Sunday, August 8, 2010

SUBMARINE FORCE MUSEUM AND THE NAUTILUS

Groton, Connecticut is home to General Dynamics Corporation where the development of the first nuclear propulsion submarine was made possible by a group of scientists and engineers. My partner worked on the USS Nautilus (SSN 571) in the mid-1960's. It was like old home week for him to board the vessel and go through the whole history of submarine development in the nearby museum.
The Nautilus was a huge step forward for submarines and is huge compared to the cramped little bullet that first made its frightening underwater trip with arms. The front of the Museum has two rings, one showing the diameter of a modern sub, the inner ring showing the diameter of the first sub.
The subs were all kind of familiar from those old war movies I watched so many years ago. How fragile and small they seem, with their thin metal skins, when looked upon in the museum yard.
This Italian mini-sub carried a couple of brave frogmen into a harbor of enemy ships. They would exit the sub and plaster a mine on the underside of the ship with a timer, then scoot for cover. They were very effective in WWII.
A more modern US Swimmer Delivery Sub called a SEAL for sea-air-land, piggybacked to a bigger submarine. It gave the Navy Seals more range and effectiveness for clandestine operations.
 Jim also worked on the George Washington, the first Intercontinental Ballistic Missile firing submarine. The sail sits in the yard with its number of missiles (16) painted on the side. Nearby, the preserved propeller, anchor and a missile shell.
Inside this very comprehensive museum, we visited a simulated control room and several periscopes where we could send a missile out to explode the Bronco in the parking lot-if it were real, of course.
Among some very good pictures, and I kept searching to see if I could find my uncle, John L. Moore, who was a submarine commander, but I couldn't find him.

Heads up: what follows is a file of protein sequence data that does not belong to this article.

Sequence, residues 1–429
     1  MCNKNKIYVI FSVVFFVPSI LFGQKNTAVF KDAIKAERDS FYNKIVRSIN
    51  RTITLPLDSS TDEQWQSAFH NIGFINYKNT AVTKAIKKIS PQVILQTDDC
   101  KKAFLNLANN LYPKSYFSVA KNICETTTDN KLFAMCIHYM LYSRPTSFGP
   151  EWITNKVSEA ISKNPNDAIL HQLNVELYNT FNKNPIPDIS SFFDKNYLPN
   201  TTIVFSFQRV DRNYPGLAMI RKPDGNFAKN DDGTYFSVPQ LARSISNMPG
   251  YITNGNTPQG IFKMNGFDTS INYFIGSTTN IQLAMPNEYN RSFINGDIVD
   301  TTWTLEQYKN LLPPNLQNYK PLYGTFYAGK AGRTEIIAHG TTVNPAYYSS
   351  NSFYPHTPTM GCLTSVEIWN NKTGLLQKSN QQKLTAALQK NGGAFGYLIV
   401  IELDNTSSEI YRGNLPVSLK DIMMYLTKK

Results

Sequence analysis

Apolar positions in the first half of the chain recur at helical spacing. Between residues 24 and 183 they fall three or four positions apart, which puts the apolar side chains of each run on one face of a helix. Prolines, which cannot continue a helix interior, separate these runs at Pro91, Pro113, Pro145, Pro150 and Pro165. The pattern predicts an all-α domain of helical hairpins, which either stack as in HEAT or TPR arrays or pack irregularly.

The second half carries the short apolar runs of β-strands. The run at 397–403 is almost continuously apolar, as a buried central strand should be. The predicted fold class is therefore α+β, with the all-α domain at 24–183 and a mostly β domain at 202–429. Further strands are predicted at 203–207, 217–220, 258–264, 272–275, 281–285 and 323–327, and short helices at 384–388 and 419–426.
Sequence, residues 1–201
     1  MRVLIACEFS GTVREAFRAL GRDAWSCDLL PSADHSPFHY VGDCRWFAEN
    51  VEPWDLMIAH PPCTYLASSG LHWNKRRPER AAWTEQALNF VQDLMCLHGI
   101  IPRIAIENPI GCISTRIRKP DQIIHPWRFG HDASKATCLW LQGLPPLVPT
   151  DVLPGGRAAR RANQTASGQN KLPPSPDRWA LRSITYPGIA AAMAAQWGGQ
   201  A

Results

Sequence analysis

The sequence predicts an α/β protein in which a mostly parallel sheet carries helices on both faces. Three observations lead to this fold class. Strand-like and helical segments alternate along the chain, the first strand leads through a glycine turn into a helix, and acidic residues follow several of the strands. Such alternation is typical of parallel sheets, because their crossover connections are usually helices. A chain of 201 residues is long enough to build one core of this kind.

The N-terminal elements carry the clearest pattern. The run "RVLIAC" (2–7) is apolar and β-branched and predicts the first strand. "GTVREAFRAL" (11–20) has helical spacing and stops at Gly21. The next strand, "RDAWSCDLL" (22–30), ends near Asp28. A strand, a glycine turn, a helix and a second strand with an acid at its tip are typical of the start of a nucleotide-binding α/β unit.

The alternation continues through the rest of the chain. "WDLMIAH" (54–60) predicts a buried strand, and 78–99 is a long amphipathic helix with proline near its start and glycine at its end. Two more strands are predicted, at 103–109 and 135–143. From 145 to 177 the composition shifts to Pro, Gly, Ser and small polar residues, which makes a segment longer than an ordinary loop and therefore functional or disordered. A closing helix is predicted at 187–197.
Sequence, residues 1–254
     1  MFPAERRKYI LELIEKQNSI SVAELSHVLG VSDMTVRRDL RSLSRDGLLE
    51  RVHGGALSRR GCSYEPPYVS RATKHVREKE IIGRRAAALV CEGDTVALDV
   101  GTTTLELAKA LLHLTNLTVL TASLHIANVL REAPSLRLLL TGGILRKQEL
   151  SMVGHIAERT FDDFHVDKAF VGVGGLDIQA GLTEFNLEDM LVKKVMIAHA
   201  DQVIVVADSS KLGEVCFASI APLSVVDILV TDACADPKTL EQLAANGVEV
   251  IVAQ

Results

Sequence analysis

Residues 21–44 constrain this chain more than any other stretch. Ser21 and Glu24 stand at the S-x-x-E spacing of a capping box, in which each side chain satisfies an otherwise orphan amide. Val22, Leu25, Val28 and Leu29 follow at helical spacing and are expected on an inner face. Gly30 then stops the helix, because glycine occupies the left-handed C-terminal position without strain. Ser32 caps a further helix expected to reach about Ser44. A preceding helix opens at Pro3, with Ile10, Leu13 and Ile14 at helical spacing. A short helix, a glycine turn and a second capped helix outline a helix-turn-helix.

During WWII, submariners made flags of their kills, a skull for a kill and a half-skull for damaging a ship. I didn't count them but this one had about 20 skulls and about 10 half-skulls.
Maime Eisenhower was the first woman to launch a sub. Others followed suit. It amused me that the champagne bottles were covered in material or mesh to prevent the champagne from soiling the ladies dresses. The metal containers in the background? No explanation.
The museum is very thorough and takes you from the first experimental, but not very successful subs during the Civil War, through the Cold War Defenses, the SOSUS system, (underwater sound detector) that detected the incoming Russian subs during the Bay of Pigs. There is much adjunct equipment and many subs to view. A wonderful history of accomplishments by world inventors and brave sailors. One in every five men lost during WWII was a submariner. In fact, President Carter was a submariner and George Bush was saved by the crew of the Submarine Finback when he was shot down and landed in open water.
A 50 minute film is worth the trip to Groton by itself.
For a look at more pictures, click on the link:  http://picasaweb.google.com/1579penn/8710SubmarineForceMuseum#

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